Sunday, February 14, 2016

Spruce beetles are the next wave clearing forests, boosting water supplies

Spruce beetles have been working in the northern Black Hills for several decades likely moving on logging equipment from other western states.

More than one and a half million acres in Colorado have become habitat for the insect since the 1990s. Spruce beetle activity in Engelmann spruce was detected on 262,000 acres in Colorado and 76,000 acres in Wyoming in 2011. In 1996, spruce beetle affected 1.2 million acres in Colorado and Wyoming.
The Forest Service can’t attack the epidemic everywhere, so foresters have to decide where the need is most urgent, and where they can do the most good. To do that, the agency needs to correct decades of fire suppression have made for crowded conditions in the woods. "Part of the effort is to reduce some of the density of the forest," explained Roy Mask, assistant director of forest health protection. "Through time and the absence of fire we get a lot of undergrowth in those ponderosa pine dominated forest. So the initial effort there is to thin from below, to open those forests up, and then the ultimate goal would be to put fire back on to some of those landscapes and at the same time use some of that biomass that’s made available." [Colorado Public Radio]
The mountain pine beetle is hard at work clearing centuries of overgrowth throughout the Rocky Mountain Complex, so is the western spruce budworm. But leaving dead or dying conifers on the forest produces methane, an even more dangerous greenhouse gas than carbon dioxide is.
The U.S. Department of Agriculture’s National Institute of Food and Agriculture (NIFA) supports seven regional integrated Coordinated Agricultural Projects (CAPs) that develop regional systems for the sustainable production of advanced biofuels and biobased products. The regional systems focus on non-food dedicated biomass feedstocks such as perennial grasses, sorghum, energy cane, oilseed crops, and woody biomass. Specifically, goals for this aspect of the operation include benchmarking the performance of equipment used to harvest, process, and deliver beetle-killed trees, and then optimize the logistics for site conditions, specific end uses, and facility locations. [USDA blog]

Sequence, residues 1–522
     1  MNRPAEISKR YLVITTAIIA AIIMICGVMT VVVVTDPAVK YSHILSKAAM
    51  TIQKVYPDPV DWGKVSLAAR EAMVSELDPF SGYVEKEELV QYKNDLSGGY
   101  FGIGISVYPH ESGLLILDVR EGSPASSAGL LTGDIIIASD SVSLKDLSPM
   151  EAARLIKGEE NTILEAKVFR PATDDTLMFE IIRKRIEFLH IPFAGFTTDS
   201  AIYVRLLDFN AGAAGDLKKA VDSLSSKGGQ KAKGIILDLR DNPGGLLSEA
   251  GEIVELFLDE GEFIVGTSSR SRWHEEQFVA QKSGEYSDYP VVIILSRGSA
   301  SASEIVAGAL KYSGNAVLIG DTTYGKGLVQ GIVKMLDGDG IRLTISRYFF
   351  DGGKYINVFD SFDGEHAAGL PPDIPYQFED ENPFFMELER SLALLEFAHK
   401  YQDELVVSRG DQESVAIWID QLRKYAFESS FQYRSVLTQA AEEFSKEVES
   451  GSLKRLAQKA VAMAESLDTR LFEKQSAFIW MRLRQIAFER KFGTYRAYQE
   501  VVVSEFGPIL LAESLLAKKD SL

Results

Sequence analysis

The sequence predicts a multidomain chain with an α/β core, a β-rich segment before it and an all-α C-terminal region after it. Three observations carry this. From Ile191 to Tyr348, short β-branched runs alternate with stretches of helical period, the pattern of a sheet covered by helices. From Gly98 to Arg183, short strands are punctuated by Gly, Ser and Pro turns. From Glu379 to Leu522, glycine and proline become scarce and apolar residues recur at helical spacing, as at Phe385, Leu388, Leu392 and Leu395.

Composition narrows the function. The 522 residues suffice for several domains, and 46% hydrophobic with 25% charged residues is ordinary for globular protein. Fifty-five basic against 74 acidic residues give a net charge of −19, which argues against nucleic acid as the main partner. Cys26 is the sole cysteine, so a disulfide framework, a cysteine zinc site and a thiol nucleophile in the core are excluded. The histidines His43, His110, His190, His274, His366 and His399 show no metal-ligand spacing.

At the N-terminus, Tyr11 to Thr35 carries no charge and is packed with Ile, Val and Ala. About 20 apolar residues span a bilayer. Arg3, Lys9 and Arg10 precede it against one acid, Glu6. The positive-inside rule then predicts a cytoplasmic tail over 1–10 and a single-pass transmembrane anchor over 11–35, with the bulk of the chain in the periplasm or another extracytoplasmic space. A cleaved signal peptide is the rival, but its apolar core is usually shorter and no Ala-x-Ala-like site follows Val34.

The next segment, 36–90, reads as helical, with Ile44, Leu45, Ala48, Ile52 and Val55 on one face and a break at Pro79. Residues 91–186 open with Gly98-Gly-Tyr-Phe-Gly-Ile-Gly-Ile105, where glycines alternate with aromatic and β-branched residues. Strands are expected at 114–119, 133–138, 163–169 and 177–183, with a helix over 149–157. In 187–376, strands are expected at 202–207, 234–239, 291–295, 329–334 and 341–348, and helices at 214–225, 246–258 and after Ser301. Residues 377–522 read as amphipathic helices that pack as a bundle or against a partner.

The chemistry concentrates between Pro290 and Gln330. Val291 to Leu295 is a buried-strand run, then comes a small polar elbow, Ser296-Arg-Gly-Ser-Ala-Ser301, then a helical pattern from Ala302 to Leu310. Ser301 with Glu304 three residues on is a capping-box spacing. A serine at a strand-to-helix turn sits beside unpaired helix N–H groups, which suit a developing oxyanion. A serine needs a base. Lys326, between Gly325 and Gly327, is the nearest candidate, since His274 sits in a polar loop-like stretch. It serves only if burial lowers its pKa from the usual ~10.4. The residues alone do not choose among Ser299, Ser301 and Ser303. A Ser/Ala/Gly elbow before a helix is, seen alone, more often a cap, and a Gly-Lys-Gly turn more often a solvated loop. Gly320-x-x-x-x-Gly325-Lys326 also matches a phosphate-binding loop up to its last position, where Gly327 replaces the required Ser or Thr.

Forest and land managers have learned that fuel treatments where fire is introduced after mechanical harvest helps to restore forests where emerging aspen and other hardwoods add biodiversity necessary to healthy ecosystems while sequestering carbon.

As firefighting costs strain federal budgets removal of fuels in areas where roads already exist just makes sense.

An estimated 75 volunteer, career, U.S. Forest and South Dakota Wildland firefighters are currently managing burns in and around the Black Hills.

Millions of acres are being farmed for ethanol by burning diesel fuel. Logging is diesel fuel-intensive. Diesel can be distilled from wood waste ground in the landing processing some with mobile pyrolysis systems.

University of Montana entomologist, Diana Six has been studying the relationship of forests, fungi and bark beetles for decades. Her work outlines how insects are clearing clogged watersheds being decoupled by the Anthropocene.

I have hypothesized that antibiotics in cattle manure have disrupted and killed essential fungal communities in western forests.

Get cattle off the Black Hills National Forest, approximate historic habitat and make it part of the Greater Missouri Basin National Wildlife Refuge.

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